Fouhy, Fiona; Guinane, Caitriona M.; Hussey, Seamus; Wall, Rebecca; Ryan, C. Anthony; Dempsey, Eugene M.; Murphy, Brendan; Ross, R Paul; Fitzgerald, Gerald F; Stanton, Catherine; Cotter, Paul D. (American Society for Microbiology, 2012-09-04)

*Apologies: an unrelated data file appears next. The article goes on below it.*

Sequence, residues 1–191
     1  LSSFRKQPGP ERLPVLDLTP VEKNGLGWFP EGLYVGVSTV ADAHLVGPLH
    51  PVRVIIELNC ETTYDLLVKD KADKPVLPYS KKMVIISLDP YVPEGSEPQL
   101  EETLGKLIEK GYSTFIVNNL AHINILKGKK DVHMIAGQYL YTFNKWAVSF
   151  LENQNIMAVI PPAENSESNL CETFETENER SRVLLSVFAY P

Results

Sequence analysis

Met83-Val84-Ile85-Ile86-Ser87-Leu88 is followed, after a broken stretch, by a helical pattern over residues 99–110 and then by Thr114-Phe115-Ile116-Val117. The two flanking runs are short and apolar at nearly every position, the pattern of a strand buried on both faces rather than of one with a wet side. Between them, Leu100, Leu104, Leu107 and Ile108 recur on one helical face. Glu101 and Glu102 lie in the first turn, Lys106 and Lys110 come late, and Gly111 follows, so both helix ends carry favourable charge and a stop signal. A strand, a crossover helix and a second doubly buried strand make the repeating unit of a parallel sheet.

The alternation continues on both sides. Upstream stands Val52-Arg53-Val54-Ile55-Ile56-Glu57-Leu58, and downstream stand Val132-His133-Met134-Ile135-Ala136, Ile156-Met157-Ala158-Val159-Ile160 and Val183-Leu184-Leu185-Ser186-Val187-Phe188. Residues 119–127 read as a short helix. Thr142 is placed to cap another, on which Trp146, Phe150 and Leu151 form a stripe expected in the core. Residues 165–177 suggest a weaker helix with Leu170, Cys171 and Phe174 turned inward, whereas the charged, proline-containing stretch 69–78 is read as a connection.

The infant gut microbiota undergoes dramatic changes during the first 2 years of life. The acquisition and development of this population can be influenced by numerous factors, and antibiotic treatment has been suggested as one of the most significant. Despite this, however, there have been relatively few studies which have investigated the short-term recovery of the infant gut microbiota following antibiotic treatment. The aim of this study was to use high-throughput sequencing (employing both 16S rRNA and rpoB-specific primers) and quantitative PCR to compare the gut microbiota of nine infants who underwent parenteral antibiotic treatment with ampicillin and gentamicin (within 48 h of birth), 4 and 8 weeks after the conclusion of treatment, relative to that of nine matched healthy controls. The investigation revealed that the gut microbiota of the antibiotic-treated infants had significantly higher proportions of Proteobacteria (P = 0.0049) and significantly lower proportions of Actinobacteria (P = 0.00001) (and the associated genus Bifidobacterium [P = 0.0132]) as well as the genus Lactobacillus (P = 0.0182) than the untreated controls 4 weeks after the cessation of treatment. By week 8, the Proteobacteria levels remained significantly higher in the treated infants (P = 0.0049), but the Actinobacteria, Bifidobacterium, and Lactobacillus levels had recovered and were similar to those in the control samples. Despite this recovery of total Bifidobacterium numbers, rpoB-targeted pyrosequencing revealed that the number of different Bifidobacterium species present in the antibiotic-treated infants was reduced. It is thus apparent that the combined use of ampicillin and gentamicin in early life can have significant effects on the evolution of the infant gut microbiota, the long-term health implications of which remain unknown.